A Tale Of A Tub

Exhibition Onsite from 19 March 2016 to 17 April 2016

Politics of Estrangement – naught

Jack Segbars | Politics of Estrangement – naught

 

This spring Jack Segbars presents an intermediary recording of his long term investigation into the structure of contemporary art production. From an insider-perspective Segbars gives insight into the shifting position of the various players in the production process. Segbars based his research on his participation in the Saas Fee Summer Institute of Art in 2015. This summer school exemplifies how making an artistic object in today’s world cannot be separated from theory, curatorial and institutional strategies. There exists a high degree of entanglement between the artist, institution, curator and the theory that bears joint aspects of the authorship of the artistic object.

 

Segbars processes his experiences from the summer school in Saas Fee at A Tale of a Tub by installing Politics of Estrangement – naught, in which Segbars thoughts on co-authorship are intertwined and enter into dialogue with ideas about art production by Anselm Franke and Warren Neidich, who also participated in the summer school.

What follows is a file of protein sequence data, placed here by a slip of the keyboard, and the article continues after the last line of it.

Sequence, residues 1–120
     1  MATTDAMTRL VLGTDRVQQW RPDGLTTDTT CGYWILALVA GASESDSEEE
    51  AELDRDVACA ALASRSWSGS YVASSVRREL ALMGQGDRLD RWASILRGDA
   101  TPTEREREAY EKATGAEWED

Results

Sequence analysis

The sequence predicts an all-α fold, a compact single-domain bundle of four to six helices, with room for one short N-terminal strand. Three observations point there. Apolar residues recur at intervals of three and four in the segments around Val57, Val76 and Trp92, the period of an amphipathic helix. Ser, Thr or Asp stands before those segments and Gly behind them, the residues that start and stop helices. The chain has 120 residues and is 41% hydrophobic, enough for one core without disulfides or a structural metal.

Jack Segbars (NL, 1963) is an artist, curator and writer, engaged with the conditions and parameters that shape art-production. Segbars explores the different forms and positions that shape the praxis of art: the artist, the role of language in the art discourse and the role of the curator. He currently works as a PhD researcher at the university of Leiden. In 2009 he produced the publication Rondom-All around the periphery (Onomatopee) that deals with the overlap of positions and domains. In 2012 he produced the publication Inertia (Onomatopee). Segbars is involved in Platform Visual Arts (Netherlands), a platform researching the role of art in times of political change and austerity. Segbars regularly writes reviews and articles on art and art-related subjects a.o. for Metropolis M.

 

This project is generously supported by the Mondriaan Fund.

Franke
Video interview with Anselm Franke, ca. 30 mins
Online